"I'm against the Afro-American
fighting in Vietnam," said Ennis
James Dotson, 22, of Ballinger,'
Tex. "In my opinion, we are only
war puppets for white Americans.
You'll be treated no better when
you return than when you left."
Dotson deserted from a missile
support command in northern
Italy. He had reenlisted last
March. He married a Danish girl
but the'interracial marriage didn't
last.
"My wife had to undergo all
sorts of humiliations on the post"
he said. "I had other problems,
andI got fed up. I can't see why

a Negro wants to fight for a
country when he can't get served
in a restaurant."
Edward Johnson Jr., 21 a pri-
vateh fom Cleveland, Ohio, who
left hil post as medicals; clerk In
Meunchweiler, West Germany,
said, "They give you hell in the
American army if you are black.
They are after you all the time.
You can't do anything without
getting court martialed."

Johnson took up residence An
Malmee. in the southern part of
Sweden, as have a half dozen
others, including Jim Grant of
Maridian, Miss.: Joe Norwood of
Newport Beach, Calif., and Wil-
liam Edward Percell of Miami, Fla.
Grant, 29. was accompanied by
his wife.
IN FRANKFURT, Germany. the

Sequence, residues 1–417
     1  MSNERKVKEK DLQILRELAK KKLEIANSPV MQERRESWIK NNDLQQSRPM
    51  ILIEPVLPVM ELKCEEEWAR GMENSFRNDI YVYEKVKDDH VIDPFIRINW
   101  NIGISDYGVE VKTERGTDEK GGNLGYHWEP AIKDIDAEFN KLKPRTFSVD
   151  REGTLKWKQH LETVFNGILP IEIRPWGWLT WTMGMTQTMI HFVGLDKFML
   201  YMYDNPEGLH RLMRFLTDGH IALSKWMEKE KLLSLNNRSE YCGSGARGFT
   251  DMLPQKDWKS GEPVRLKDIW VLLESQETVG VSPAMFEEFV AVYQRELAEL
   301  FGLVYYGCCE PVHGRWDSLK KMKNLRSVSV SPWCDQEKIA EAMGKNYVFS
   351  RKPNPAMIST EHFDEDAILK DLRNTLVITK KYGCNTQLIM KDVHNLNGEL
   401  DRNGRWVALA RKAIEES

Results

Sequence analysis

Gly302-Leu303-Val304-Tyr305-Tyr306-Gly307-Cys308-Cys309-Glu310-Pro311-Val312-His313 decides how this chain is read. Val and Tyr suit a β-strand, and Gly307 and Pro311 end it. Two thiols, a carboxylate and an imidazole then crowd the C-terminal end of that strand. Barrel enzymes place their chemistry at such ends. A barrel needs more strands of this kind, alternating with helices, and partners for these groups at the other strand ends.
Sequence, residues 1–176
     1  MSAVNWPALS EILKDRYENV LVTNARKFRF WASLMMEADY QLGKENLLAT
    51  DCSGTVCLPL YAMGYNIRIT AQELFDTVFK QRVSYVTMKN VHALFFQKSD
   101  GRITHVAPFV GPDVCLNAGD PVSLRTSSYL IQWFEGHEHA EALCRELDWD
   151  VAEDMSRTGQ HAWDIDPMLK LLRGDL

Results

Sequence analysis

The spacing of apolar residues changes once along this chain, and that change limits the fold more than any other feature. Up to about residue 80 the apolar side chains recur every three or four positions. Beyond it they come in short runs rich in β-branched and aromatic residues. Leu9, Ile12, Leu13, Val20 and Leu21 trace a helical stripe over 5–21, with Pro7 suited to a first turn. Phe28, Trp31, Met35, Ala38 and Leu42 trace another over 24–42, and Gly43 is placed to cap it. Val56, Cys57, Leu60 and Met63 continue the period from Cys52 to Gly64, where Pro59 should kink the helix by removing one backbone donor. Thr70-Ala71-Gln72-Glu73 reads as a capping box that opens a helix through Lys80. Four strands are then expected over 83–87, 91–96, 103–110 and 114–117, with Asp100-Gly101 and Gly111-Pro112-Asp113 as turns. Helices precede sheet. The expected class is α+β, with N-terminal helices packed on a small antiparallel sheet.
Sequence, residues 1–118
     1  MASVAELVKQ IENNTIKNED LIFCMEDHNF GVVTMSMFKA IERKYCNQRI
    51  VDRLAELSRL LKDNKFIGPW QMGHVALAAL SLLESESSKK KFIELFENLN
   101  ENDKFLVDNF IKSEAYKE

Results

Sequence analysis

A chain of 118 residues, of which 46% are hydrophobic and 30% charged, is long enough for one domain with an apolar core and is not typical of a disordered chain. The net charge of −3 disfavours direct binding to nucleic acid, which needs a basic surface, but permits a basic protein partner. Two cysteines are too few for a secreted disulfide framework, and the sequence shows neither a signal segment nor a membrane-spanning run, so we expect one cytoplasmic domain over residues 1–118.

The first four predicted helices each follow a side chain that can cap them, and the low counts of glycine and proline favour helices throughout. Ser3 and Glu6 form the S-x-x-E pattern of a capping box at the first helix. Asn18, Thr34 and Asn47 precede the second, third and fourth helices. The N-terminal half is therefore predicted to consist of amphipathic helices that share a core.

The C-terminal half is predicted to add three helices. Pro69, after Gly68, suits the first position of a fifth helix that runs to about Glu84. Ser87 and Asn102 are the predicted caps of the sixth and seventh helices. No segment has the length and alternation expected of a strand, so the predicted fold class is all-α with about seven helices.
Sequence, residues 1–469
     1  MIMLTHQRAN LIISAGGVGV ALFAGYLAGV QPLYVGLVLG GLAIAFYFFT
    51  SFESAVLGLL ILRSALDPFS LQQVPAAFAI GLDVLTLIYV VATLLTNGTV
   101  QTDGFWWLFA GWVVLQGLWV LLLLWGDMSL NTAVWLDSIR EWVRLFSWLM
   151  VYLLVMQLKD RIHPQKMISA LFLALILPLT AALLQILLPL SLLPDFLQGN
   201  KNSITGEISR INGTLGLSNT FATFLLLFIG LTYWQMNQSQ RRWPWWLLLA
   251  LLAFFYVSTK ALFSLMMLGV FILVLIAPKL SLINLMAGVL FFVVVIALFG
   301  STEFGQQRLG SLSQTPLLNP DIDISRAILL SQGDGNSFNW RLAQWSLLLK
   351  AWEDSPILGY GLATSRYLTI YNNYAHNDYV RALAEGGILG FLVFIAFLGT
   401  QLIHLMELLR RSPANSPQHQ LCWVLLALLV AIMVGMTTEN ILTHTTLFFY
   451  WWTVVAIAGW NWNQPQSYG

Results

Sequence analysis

judge advocate of the U.S. Army
in Europe, Col. Lewis F. Shull,
said most of the deserters were in
trouble with their units. "They
are bums-they are not the high-
er class of soldiers," Shull said.
Johnson, an Army private, had
a record of three court martials
and disciplinary action on charges
of disobeying orders. Grant, a jazz'
musician, had similar problems.
William Day, 22, of Itasca, Tex.,
once drew a four months' sentence
after a court martial and spent
50 days in the stockade.
Edward B. Murray, 18, of Wood-
bury, N.J., youngest of the de-
serters, said sergeants were al-
ways on his back for putting up
antiwar posters in the barracks.
The cherub faced Murray ap-
pears to be dazed by the adven-
ture.
"Everybody says I look 15," he
says with a boyish grin. "No, I
don't have a job yet because my
papers haven't gone through. I
like it here-I think it's groovy."
The papers are documents
granting the defectors asylum in
Sweden on humanitarian grounds.,
Of the more than 30 listed deser-
ters, less than half had been
granted official asylum through
the 'first week in March.
Others were being investigated
by the police, who turn over their
findings to the Aliens Commission,
which studies the reports, then
hands down its decisions. Only in
a rare case is an ,application re-
jected.
Once a defector is granted
asylum, he may apply for welfare
payment around $16 a week until
he gets a job. Until these papers
are received, he is dependent on
the charity of friends, unless he
has other sources of income.
The Intrepid Four are, still get-
ting by on the $1,000 given each
of them by the Soviet Union.
Some of the others come from
well to do families, who probably
will support them until they can
find their place In Swedish society.
The defections have placed a
severe strain on U.S. Swedish re-
lations, normally friendly.
Sweden and France have become
havens for American deserters-